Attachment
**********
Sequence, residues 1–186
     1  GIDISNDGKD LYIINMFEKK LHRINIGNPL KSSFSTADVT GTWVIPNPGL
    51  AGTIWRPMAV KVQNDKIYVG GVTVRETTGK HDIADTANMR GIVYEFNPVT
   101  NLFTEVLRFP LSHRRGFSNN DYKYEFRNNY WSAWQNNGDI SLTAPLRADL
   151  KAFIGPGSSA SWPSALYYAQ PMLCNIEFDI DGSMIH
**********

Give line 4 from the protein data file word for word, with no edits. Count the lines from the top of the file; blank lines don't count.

   101  NLFTEVLRFP LSHRRGFSNN DYKYEFRNNY WSAWQNNGDI SLTAPLRADL